This article was written in 2014 a few months after my husband and I had reached our one year milestone. Four years into my marriage and miles away from where I was when I wrote this, I couldn’t help but recognize the value of these lessons for newlyweds. So here it is again, slightly revised.

The first year of marriage taught me more than I expected or thought possible. For example, I expected a lot of wedding gifts, a hot new roommate, and plenty of fresh flowers. In reality, I got all of the above plus a large dose of horrifying self reflection and discovery. If you’re married, you probably know what I’m talking about. If you’re not, let me just say that living your life side-by-side with another human has the tendency of unearthing your deepest pain, darkest secrets, and character flaws…how romantic.

So in an attempt to reconcile the unexpected and occasionally uncomfortable nature of my new marriage, I’ve decided to reflect on the things that I’ve learned this year. Here are the three most important lessons I learned during our first year of marriage.

1. Humility is the fastest way to end an argument. My pride is usually the reason an argument lasts longer than it should. Sometimes I think I’m 100% right, and other times, I feel like I’ve earned the right to be angry. There are times when I realize I’m wrong mid-argument (oh crap) but decide to defend my case to the death anyways. This particular course of action has a way of causing bigger problems, so I’ve recently resorted to silently staring him downwhich doesn’t really work, but it certainly buys me time.

But what happens when I apologize and take responsibility for my actions rather than argue? Or when I laugh because I know I’m wrong or I don’t have a good case? The argument begins to come to an end. It’s incredibly simple. To be clear, I know that some arguments are more complicated, but I’m convinced that, a lot of times, choosing humility in a moment of anger, tension or frustration can bridge the gap.

2. All of your personal problems become less personal. By that, I mean they’re not just yours to live and deal with anymore. Your anger, trust issues, and insecurities affect your partner now. And marriage has a unique way of making those issues come to the front of the line and stare you in the face.

Yikes…so no more hiding out? Nope, you’re forced to deal with them.

I described this experience earlier with the word “horrifying,” but the word “necessary” may be a better fit. Growing is a part of life, and the growth that happens when people deal with their problems head on and come out on the other side is beautifully necessary. Unfortunately, there’s not a whole lot of coming out on other side during your first year of marriage, but it is beginning. Just remember, there’s going to be too many issues to handle at first, so take it slow. This is only the beginning.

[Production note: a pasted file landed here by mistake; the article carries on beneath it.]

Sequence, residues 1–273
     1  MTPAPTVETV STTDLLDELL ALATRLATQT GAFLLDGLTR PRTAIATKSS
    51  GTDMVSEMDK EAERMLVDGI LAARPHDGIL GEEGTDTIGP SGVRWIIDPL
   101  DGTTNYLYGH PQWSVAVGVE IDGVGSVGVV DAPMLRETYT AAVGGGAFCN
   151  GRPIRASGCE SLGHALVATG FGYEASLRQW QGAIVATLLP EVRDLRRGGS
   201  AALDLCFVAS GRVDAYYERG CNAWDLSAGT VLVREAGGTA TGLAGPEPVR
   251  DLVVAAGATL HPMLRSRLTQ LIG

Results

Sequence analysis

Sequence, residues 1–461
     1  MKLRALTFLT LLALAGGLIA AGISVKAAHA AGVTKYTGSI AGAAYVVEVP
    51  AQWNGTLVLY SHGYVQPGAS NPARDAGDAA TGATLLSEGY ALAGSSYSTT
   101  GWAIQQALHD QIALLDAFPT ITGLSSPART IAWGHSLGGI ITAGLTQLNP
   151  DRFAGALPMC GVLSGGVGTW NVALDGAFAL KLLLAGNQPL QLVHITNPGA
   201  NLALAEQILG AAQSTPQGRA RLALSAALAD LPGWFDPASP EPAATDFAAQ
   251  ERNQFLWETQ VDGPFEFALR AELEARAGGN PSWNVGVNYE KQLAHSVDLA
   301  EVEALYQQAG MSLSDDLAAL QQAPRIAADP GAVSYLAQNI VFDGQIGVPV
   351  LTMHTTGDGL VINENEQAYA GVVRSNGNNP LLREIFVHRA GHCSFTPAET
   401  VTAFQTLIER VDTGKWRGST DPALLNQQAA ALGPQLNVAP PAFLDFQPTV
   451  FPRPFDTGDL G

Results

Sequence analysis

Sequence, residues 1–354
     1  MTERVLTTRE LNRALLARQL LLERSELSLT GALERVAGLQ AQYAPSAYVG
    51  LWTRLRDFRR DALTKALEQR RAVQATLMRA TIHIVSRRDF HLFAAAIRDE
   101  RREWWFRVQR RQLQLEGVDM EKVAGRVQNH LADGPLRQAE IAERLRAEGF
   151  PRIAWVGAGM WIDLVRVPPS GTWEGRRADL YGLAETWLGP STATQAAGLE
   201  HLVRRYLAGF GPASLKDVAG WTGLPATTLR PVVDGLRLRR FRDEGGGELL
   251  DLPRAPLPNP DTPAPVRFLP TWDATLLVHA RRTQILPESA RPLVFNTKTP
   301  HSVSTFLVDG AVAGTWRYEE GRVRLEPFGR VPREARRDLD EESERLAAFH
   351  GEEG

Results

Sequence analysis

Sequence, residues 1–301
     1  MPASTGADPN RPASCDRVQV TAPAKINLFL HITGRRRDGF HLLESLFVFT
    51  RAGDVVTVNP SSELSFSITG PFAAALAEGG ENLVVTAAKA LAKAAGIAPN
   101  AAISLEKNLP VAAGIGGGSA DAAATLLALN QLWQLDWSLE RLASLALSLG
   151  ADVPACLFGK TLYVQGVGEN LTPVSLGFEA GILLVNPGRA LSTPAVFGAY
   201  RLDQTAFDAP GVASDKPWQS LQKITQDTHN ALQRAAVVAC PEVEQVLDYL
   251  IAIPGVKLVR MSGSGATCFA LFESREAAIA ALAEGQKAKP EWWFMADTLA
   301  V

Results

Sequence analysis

3. Love is a decision you make every day. After the first year of marriage, you’ve pretty much seen your spouse in their entirety. The butterflies aren’t making up for their mistakes, and their bad habits have gone from cute to…what the hell is this. The dating game is long over, so being on your best behavior and impressing your partner is no longer a major concern. While all of this is natural, choosing to live selflessly every day may not be.

Most days are long and Netflix is awesome, but I knew going into this thing that it wouldn’t be all about me anymore. Now I have to choose romantic effort, sweet surprises, and affirmation over laziness, selfishness, or negativity. I can’t be my only priority, and this has been world-changing in the most uncomfortable way. Neale Donald Walsch says that, “Life begins at the end of your comfort zone,” and he might’ve been on to something.

Out of all the things that I’ve learned this year, these are the three lessons that stuck out. Let’s plan to meet back here next year, maybe I’ll have three more. I’d love to hear about the lessons you learned during your first year of marriage, so be sure to tell us about them on Facebook, Twitter or Instagram.

important lessons first year of marriage

Alycia Brown Wedshock

Author Bio. Alycia is the founder of Wedshock, the author of Wedding Vow Writing, and a newlywed of 4 years. She lives in New York with her husband above a publishing company that refuses to print her books despite her persuasive baking efforts. See what she’s up to on her website, Instagram and Twitter.